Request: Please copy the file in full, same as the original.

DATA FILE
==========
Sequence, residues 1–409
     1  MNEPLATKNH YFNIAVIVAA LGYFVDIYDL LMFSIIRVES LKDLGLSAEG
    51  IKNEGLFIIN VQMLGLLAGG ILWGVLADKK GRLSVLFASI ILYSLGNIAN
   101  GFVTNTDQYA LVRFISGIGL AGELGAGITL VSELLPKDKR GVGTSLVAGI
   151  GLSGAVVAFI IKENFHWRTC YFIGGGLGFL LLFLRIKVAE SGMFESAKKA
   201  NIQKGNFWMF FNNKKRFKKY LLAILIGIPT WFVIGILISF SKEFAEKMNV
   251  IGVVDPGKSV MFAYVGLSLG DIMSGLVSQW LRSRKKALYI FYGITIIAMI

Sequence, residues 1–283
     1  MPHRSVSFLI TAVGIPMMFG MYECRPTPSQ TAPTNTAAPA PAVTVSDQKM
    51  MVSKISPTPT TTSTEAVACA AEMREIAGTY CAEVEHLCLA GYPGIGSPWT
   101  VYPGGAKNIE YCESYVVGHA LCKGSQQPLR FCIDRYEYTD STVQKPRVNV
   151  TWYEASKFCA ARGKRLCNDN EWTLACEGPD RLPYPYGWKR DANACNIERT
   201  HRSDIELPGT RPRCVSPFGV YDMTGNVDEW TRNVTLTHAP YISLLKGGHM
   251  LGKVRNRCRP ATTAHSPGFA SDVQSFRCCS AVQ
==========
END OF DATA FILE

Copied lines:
Sequence, residues 1–409
     1  MNEPLATKNH YFNIAVIVAA LGYFVDIYDL LMFSIIRVES LKDLGLSAEG
    51  IKNEGLFIIN VQMLGLLAGG ILWGVLADKK GRLSVLFASI ILYSLGNIAN
   101  GFVTNTDQYA LVRFISGIGL AGELGAGITL VSELLPKDKR GVGTSLVAGI
   151  GLSGAVVAFI IKENFHWRTC YFIGGGLGFL LLFLRIKVAE SGMFESAKKA
   201  NIQKGNFWMF FNNKKRFKKY LLAILIGIPT WFVIGILISF SKEFAEKMNV
   251  IGVVDPGKSV MFAYVGLSLG DIMSGLVSQW LRSRKKALYI FYGITIIAMI

Sequence, residues 1–283
     1  MPHRSVSFLI TAVGIPMMFG MYECRPTPSQ TAPTNTAAPA PAVTVSDQKM
    51  MVSKISPTPT TTSTEAVACA AEMREIAGTY CAEVEHLCLA GYPGIGSPWT
   101  VYPGGAKNIE YCESYVVGHA LCKGSQQPLR FCIDRYEYTD STVQKPRVNV
   151  TWYEASKFCA ARGKRLCNDN EWTLACEGPD RLPYPYGWKR DANACNIERT
   201  HRSDIELPGT RPRCVSPFGV YDMTGNVDEW TRNVTLTHAP YISLLKGGHM
   251  LGKVRNRCRP ATTAHSPGFA SDVQSFRCCS AVQ